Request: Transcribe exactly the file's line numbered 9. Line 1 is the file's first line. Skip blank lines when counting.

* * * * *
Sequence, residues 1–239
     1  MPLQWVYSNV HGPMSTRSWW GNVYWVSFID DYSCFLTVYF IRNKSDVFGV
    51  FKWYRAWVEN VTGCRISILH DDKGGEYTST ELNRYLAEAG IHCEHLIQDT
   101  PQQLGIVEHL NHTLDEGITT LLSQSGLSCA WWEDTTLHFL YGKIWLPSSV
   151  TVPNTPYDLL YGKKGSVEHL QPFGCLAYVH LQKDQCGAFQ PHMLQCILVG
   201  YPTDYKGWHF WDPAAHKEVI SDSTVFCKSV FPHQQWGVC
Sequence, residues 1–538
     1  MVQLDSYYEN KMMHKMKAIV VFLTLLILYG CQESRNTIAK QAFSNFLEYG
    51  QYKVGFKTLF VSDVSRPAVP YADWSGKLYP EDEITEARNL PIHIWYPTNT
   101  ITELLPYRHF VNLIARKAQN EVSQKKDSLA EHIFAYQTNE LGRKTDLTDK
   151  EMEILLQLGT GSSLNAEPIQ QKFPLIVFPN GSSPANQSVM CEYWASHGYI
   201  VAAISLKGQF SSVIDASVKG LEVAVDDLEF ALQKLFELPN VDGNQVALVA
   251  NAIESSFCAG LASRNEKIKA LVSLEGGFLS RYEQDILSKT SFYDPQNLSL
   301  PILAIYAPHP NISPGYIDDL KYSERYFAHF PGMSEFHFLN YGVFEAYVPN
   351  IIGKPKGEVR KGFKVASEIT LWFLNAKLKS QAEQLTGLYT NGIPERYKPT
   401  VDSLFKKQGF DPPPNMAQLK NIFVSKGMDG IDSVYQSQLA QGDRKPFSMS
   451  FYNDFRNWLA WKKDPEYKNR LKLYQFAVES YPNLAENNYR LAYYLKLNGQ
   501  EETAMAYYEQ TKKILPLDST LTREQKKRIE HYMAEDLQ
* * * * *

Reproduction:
    51  QYKVGFKTLF VSDVSRPAVP YADWSGKLYP EDEITEARNL PIHIWYPTNT